Cat waste disposal, otter protection, and plastic bags
Original post made by litebug, Duveneck/St. Francis, on Apr 21, 2008
I've been told that using plastic bags for disposal of cat waste is the official position of the State of California. I tried to find the actual policy statement online but failed. However, there are many sites with information concerning this issue. Following is some information from one of them. Although only sea otters are mentioned in this excerpt I have read that fresh water otters are also vulnerable to this parasite
"Scientists and researchers have recently discovered a correlation between Toxoplasma gondii and the decrease in the sea otter population off the California Coast. Since cats are the only creatures that shed the T. gondii parasite, through their feces, there seems to be a direct link. Don't Flush: Even if you use a "flushable litter," dispose of used litter, including feces and clumps by placing it in a plastic bag, tying tightly, and putting it in the garbage can. Land wastes, where your garbage will end up, are covered with soil and have membranes to prevent pollution of ground water."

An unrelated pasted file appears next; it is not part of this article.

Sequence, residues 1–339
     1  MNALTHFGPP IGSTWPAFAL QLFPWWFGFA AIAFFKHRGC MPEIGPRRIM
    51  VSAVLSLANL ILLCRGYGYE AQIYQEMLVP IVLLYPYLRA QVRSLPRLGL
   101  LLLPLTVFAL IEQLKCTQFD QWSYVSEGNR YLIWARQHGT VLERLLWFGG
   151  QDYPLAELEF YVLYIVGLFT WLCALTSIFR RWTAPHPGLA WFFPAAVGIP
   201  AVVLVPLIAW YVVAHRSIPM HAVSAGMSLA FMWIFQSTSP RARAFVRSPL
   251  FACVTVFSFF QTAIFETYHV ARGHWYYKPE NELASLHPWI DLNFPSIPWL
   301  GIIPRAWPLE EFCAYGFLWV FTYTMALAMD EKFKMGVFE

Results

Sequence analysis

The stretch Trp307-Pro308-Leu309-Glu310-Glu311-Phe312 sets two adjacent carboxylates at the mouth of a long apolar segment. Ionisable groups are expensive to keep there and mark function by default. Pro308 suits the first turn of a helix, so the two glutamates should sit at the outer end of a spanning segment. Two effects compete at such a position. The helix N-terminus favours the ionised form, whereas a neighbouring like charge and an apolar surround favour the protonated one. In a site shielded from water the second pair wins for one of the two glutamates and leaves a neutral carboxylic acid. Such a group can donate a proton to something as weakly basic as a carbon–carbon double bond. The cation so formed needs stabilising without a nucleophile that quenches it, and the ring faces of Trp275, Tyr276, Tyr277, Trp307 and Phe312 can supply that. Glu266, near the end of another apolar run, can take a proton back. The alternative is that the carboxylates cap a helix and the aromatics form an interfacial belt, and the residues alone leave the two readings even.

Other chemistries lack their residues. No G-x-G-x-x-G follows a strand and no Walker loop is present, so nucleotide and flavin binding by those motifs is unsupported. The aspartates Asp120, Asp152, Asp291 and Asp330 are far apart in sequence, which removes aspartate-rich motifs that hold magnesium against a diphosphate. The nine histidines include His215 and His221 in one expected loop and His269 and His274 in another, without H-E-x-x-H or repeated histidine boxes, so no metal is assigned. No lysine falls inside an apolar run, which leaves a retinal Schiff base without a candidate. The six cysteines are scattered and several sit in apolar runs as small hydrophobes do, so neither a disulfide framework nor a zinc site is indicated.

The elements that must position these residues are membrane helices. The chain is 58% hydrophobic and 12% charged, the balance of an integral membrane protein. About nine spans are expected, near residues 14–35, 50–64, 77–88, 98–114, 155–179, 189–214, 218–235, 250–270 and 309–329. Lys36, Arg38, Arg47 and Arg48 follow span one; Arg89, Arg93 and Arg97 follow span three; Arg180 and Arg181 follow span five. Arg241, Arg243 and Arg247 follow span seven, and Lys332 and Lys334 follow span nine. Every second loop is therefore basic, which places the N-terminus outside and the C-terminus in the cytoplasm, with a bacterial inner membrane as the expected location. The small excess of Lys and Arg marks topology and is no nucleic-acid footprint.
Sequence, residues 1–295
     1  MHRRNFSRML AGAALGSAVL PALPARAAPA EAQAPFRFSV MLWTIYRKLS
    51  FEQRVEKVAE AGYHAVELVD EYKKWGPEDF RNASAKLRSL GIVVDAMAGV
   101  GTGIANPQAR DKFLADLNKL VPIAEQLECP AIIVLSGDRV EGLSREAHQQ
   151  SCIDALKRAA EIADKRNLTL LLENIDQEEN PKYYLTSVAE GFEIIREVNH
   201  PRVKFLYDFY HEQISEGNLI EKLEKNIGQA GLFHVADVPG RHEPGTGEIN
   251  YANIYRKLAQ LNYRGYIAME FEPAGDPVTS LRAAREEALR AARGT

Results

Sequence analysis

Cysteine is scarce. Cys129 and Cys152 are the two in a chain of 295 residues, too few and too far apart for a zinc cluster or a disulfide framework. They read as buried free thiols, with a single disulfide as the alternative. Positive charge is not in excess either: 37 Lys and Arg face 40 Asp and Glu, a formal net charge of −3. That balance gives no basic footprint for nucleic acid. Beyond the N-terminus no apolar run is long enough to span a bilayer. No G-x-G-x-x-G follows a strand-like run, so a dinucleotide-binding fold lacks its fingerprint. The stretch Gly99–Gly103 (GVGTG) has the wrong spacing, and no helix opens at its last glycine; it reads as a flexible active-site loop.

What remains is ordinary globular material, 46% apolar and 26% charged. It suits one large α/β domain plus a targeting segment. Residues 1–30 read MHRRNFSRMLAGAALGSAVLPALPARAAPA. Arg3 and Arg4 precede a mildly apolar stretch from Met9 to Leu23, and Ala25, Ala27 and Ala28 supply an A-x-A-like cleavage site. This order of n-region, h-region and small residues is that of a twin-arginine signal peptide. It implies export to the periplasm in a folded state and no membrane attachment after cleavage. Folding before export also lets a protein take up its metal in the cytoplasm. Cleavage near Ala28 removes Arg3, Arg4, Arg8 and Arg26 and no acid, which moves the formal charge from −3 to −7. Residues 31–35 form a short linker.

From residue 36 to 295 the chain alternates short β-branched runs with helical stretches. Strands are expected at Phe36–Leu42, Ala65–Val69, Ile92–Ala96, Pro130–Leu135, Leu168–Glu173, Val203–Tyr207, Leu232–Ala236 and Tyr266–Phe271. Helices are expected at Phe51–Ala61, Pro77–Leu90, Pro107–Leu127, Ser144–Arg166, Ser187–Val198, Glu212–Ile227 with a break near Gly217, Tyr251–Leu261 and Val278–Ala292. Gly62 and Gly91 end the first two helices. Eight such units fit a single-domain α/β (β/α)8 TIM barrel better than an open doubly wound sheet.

When I change the entire contents of a litter box I use a large plastic garbage bag but in between I remove all solid waste and urine clumps at least once a day from each of our cat boxes and I use plastic bags from the grocery and other stores for this purpose. People also use them for picking up dog poo.
What are we supposed to do if plastic bags are banned? Are we to buy new bags for cat poo? That surely can't be the answer but I've yet to hear what the answer is by the "ban the plastic bag" people. This environmental issue needs to be addressed as there are a lot of cat owners out here who don't know what we are supposed to do: avoid plastic bags or save otters.
Vina Enoteca to serve first 'Impossible burger' in Silicon Valley
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Short story writers wanted!
The 31st Annual Palo Alto Weekly Short Story Contest is now accepting entries for Adult, Young Adult (15-17) and Teen (12-14) categories. Send us your short story (2,500 words or less) and entry form by April 13, 2017. First, Second and Third Place prizes awarded in each category.